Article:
George MacLeod

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For those of a similar name, see George McLeod (disambiguation).

George Fielden MacLeod, Baron MacLeod of Fuinary, Bt MC (17 June 1895 – 27 June 1991) was a Scottish soldier and clergyman; he was one of the best known, most influential and unconventional Church of Scotland ministers of the 20th century. He was the founder of the Iona Community.

Early life[edit]

He was born in Glasgow in 1895. His grandfather was the highly respected Revd Norman MacLeod of the Barony Church, Glasgow, a Moderator of the General Assembly of the Church of Scotland and Chaplain to Queen Victoria. His father (Sir John MacLeod) was a successful businessman before entering politics as a Unionist MP; his mother Edith was from a wealthy Lancastrian family (owning cotton mills). From this background and heir to a baronetcy, George MacLeod was educated at Winchester College and Oriel College, Oxford.

World War I service[edit]

Upon the outbreak of World War I in 1914 he joined the Argyll and Sutherland Highlanders, rising to the rank of Captain. He first saw active service in Greece. After falling ill with dysentery, he was sent back to Scotland to recuperate, after which he was posted to Flanders and saw action at Ypres and Passchendaele, for which he was awarded the Military Cross (MC) and the French Croix de Guerre for bravery.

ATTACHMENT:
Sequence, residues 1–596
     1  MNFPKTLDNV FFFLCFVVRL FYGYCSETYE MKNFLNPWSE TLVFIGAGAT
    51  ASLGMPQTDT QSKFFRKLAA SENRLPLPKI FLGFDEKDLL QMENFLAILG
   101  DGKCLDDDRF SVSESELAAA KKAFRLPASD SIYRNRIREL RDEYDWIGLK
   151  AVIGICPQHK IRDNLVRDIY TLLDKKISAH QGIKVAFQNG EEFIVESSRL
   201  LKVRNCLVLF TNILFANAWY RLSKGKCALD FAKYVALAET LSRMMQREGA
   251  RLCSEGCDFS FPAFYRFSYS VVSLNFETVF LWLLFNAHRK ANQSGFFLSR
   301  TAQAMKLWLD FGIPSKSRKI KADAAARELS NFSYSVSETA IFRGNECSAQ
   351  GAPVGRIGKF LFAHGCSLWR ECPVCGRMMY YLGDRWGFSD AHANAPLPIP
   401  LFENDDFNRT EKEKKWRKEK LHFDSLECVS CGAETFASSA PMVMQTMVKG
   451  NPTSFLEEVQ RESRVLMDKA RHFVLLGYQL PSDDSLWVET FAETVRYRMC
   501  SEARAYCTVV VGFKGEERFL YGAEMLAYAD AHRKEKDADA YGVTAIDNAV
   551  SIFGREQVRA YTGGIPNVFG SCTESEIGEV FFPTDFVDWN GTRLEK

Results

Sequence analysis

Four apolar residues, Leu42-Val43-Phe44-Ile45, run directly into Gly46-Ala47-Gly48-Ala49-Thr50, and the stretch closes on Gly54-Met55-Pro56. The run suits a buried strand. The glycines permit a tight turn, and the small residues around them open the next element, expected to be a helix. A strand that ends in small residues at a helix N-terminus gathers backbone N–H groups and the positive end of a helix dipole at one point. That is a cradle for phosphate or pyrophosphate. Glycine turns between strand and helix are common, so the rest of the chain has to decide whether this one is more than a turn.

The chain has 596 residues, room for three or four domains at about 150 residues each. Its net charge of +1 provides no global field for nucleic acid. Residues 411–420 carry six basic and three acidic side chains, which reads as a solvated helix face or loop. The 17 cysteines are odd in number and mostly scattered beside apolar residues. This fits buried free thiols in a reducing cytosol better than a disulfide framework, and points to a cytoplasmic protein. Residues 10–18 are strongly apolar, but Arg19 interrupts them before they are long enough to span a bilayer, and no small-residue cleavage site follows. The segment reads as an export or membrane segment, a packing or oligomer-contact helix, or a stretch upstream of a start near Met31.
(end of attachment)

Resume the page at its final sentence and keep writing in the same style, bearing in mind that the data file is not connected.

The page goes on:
Ministry[edit]

His experience of war profoundly affected him, leading him to train for the ministry. He studied divinity at the University of Edinburgh, followed by a year at Union Theological Seminary, New York City (1921-1922). Upon return to Scotland he was invited to become Assistant at St Giles' Cathedral. During this period his concern over social inequality became increasingly prominent. In 1924 he was ordained as a Church of Scotland minister, to be Padre of Toc H (Talbot House) in Scotland. Such non-parochial appointments were extremely unusual at the time. Following a disagreement, he resigned from Toc H in 1926, but was invited to become associate minister at St Cuthbert's Church, Edinburgh.

His wartime experiences combined with a profound disillusionment by post-World War I political rhetoric of "a land fit for heroes" deeply affected him. Confronted by the realities of the depression and unemployment faced by those less privileged than himself he gradually moved towards socialism and pacifism. From 1937 he become actively involved with the Peace Pledge Union (PPU), and from 1958 with the Campaign for Nuclear Disarmament (CND).

Meanwhile, in 1930, to considerable surprise, he decided to leave St Cuthbert's Church to become minister at Govan Old Parish Church—encountering the considerable social problems caused by poverty in this part of Glasgow. The pace of work took its toll and in 1932 he suffered a breakdown. He spent some time recuperating in Jerusalem in early 1933; worshipping in an Eastern Orthodox Church on Easter Day he felt a profound spiritual experience, feeling a sense of recovery of the Church as the corporate Body of Christ. This would strongly influence the rest of his life.